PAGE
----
The band became politically active in 2004, joining the Vote for Change tour, and becoming a lead sponsor of the jam band voter registration effort HeadCount. They released another live album, The Gorge, in 2004. The band’s latest studio effort, Stand Up, came out in May 2005.


I joined the DMB tour in 2004 as a voter registration coordinator, which gave me the chance to see 13 shows in a row, the last three at the Gorge in Washington. Their live performances have become part of the American fabric, drawing a diverse crowd of college kids, parents and hippies, and have become the best way to experience the music.

Carter Beauford, the drummer, is the best musician in the band, and probably the best drummer who ever lived. He has the technical prowess of Neil Peart, the raw energy and force of Keith Moon, and the ear for the musicality of a drum kit of Stewart Copeland. DMB’s music often leaves a lot of space for someone to fill, and most often it is Carter who fills it, effortlessly – I once saw him blowing bubble gum in the middle of a solo. The best way to appreciate Carter’s drumming is to listen to “Drive In, Drive Out,” off of Crash, where he unloads such complex virtuosity that fits so perfectly with the band, it’s hard to comprehend a machine executing it, let alone a human being imagining it. At the end of the recording, the band realizes what he’s just done, and just laughs, with someone saying, “Damn, that is some hot SHIT!”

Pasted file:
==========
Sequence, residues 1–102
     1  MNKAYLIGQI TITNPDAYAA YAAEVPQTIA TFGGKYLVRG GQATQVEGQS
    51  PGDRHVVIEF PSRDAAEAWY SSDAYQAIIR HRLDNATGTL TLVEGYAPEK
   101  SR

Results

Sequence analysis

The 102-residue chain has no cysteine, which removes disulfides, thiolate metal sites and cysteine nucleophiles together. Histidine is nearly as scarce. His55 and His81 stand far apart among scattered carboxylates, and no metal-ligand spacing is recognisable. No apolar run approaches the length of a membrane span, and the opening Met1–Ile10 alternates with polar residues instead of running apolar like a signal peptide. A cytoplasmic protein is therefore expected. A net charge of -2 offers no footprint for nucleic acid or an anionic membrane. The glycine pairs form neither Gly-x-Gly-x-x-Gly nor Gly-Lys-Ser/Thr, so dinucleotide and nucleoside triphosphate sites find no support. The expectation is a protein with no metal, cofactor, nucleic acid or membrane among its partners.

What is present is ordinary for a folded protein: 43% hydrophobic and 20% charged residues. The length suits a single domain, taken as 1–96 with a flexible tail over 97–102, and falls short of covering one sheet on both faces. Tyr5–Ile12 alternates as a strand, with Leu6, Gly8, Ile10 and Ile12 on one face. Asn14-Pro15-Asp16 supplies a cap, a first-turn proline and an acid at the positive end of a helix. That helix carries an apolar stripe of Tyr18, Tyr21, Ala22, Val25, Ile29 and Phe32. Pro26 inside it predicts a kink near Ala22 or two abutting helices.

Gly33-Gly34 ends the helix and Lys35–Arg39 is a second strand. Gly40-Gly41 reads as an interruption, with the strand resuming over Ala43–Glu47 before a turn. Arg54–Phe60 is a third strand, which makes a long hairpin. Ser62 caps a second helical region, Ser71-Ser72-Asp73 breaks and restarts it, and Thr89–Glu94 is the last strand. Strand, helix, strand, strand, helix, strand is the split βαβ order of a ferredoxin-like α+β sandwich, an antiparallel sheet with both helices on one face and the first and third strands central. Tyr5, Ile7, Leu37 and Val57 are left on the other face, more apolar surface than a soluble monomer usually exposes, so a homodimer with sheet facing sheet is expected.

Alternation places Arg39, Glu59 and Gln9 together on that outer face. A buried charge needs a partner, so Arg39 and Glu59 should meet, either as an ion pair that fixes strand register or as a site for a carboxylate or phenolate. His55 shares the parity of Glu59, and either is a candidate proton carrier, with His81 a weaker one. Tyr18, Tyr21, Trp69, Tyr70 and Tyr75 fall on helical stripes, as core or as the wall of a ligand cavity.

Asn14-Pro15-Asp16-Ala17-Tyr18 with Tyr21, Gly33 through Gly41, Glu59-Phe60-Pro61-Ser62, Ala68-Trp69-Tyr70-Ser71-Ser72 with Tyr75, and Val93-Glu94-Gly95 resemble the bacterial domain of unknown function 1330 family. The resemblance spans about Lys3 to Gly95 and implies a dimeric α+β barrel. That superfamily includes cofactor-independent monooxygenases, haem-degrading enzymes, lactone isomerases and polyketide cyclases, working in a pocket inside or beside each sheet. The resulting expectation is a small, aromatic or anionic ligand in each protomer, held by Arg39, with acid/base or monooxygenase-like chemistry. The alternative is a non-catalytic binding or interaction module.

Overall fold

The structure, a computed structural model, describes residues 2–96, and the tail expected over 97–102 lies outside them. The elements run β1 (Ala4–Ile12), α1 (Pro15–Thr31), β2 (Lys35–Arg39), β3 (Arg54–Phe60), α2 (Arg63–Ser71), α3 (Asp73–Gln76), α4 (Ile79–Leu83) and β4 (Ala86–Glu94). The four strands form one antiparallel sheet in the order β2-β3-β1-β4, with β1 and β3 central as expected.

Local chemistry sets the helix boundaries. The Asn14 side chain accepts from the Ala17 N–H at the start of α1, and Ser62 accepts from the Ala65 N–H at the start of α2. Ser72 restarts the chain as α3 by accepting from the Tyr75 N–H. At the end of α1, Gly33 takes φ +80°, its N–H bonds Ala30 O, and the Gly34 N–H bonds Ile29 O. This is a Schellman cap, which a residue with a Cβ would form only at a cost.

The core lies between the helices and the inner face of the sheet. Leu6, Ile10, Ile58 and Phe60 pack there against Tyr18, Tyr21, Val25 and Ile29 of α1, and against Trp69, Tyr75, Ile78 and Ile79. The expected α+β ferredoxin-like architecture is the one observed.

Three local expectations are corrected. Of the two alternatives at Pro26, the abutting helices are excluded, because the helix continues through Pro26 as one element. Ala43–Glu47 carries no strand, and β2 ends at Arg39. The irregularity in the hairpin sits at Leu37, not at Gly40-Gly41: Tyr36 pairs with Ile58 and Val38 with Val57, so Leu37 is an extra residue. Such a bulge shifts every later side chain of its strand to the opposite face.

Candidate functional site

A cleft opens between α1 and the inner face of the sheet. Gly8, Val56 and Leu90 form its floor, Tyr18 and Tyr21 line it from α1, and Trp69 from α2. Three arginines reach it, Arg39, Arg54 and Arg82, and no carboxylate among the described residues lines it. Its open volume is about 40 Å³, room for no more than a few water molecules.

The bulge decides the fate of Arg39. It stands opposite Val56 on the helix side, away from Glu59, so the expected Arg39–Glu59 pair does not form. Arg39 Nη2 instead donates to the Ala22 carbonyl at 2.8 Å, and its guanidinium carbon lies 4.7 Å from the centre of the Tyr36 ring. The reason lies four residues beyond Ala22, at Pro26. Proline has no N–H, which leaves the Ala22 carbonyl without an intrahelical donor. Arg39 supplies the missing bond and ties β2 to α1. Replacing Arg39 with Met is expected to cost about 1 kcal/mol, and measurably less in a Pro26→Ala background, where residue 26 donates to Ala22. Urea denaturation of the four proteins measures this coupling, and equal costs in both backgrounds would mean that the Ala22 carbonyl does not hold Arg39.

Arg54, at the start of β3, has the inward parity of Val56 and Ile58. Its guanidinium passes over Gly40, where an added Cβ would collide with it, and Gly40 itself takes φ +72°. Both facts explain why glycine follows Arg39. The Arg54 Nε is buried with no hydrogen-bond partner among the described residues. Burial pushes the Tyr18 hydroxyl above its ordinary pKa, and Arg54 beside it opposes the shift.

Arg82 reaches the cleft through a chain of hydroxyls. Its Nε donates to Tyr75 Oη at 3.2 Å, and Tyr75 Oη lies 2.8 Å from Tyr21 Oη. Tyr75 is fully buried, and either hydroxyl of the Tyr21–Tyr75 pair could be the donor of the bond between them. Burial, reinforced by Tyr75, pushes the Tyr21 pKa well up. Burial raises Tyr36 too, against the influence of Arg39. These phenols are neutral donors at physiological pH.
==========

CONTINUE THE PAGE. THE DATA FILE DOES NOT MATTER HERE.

If you’ve never really gotten into DMB and are looking for a good first album, I’d recommend Crash, which has received a lot of radio play. A good first live album is Live at Red Rocks. If you’re in a mellow acoustic mood, you can’t beat Live at Luther College. If you’re looking for info on the band online, you’ll find plenty. DMB’s popularity coincided with the dawn of the internet, and fan sites, as well as the official site, reflect that.

Where is DMB going from here? Hard to say. They’ve been touring constantly since the band formed, and they must be ready for a break. Dave and Boyd Tinsley have done solo projects and collaborations. The latest studio album, Stand Up, hasn’t gotten rave reviews from fans (including this one). The band remains engaged politically, which could drive their inspiration for some time…Stand Up certainly took a cue from the outside world. The supernova energy that the band rode for years is ebbing, and another turn in the road may be imminent. But whatever happens next, I’m sure it will be greatly anticipated.

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Too Much to Say

On CGI film characters:
"It's easy to fool the eye but it's hard to fool the heart."

On acting:
"The actor becomes an emotional athlete. The process is painful--my personal life suffers."

On fame:
"You hate to say you get used to it, because you don't really get used to it, but it gets easier. You accept it more. And you finally have to become more comfortable with it. That's what's happened to me, I think."

USA Weekend